While KPMG understands the Financial Conduct Authority’s (FCA) proposals to soften the financial blow of COVID-19, the professional services firm reminded the regulator that the crisis is not easy for banks either.
The FCA unveiled a smattering of new proposals earlier this week to help those at risk of financial harm during the current pandemic.
The range of proposed measures included a temporary payment freeze on loans and credit cards where consumers face difficulties with their finances as a result of coronavirus for up to three months, that customers with an arranged overdraft of up to £500 will be charged at zero interest for up to three months, and that banks do not downgrade people’s credit scores because of the crisis.
Paula Smith is the UK head of banking at KPMG UK and she welcomed the regulator’s proposal.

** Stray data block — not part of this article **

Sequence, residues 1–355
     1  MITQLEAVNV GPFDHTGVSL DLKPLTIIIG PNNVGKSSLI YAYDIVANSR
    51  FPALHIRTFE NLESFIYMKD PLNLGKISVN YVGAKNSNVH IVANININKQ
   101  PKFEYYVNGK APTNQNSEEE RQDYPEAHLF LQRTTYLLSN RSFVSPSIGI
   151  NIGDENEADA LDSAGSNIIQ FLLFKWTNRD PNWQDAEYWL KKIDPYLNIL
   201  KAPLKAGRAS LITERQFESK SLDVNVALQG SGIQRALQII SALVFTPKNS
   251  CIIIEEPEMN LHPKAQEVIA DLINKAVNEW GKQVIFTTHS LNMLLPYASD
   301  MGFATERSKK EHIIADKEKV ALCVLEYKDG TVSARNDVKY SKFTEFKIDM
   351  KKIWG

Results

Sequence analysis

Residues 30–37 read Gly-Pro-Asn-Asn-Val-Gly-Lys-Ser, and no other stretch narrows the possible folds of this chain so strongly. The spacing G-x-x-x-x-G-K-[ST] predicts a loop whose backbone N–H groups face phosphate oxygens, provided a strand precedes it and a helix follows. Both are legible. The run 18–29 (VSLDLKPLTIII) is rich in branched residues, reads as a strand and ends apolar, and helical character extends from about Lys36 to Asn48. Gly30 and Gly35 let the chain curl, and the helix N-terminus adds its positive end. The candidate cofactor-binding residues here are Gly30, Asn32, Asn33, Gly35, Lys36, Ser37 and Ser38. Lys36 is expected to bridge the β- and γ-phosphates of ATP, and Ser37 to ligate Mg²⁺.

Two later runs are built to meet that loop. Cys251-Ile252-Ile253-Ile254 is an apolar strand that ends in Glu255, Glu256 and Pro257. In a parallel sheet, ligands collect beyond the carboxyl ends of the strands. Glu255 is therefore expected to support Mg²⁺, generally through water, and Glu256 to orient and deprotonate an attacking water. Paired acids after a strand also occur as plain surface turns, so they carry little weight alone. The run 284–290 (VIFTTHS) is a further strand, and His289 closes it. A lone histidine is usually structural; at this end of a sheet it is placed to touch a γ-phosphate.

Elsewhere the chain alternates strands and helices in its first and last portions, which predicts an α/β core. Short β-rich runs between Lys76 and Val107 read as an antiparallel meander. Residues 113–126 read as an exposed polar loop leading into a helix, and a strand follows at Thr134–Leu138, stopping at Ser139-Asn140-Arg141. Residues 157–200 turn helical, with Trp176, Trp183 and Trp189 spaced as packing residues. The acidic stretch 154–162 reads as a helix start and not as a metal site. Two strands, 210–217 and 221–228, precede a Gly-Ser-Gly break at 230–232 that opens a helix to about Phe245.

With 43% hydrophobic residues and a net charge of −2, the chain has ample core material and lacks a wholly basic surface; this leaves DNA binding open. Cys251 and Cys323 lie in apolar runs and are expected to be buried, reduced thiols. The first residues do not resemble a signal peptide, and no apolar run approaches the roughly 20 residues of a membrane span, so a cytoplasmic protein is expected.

“COVID-19 has plunged a great many otherwise financially secure consumers into the ‘vulnerable’ category,” she said. “Of course it’s right that the regulator and banks do everything possible to support those hit by a sudden loss of income. Many banks have already made progress on the measures the FCA has proposed but it makes sense for the regulator to ensure banks are operating consistently as it will make life a lot easier and fairer for consumers.
“That said, none of this is easy for banks. Despite all the tech investment we’ve seen in recent years a lot of bank processes are manual and many of their systems can’t be changed quickly. As banks negotiate so much change in such a short space of time and with more limited staff, extreme care is needed to ensure policy changes are thought through from every possible angle. Otherwise banks risk overlooking segments of society or running into unintended consequences that could cost them dearly in the long term. All eyes are on the banks right now to check that people are being put before profits.”
Market stakeholders have until Monday April 6 to offer their insights on the proposals, which could be coming into effect as early as Thursday April 9 2020.
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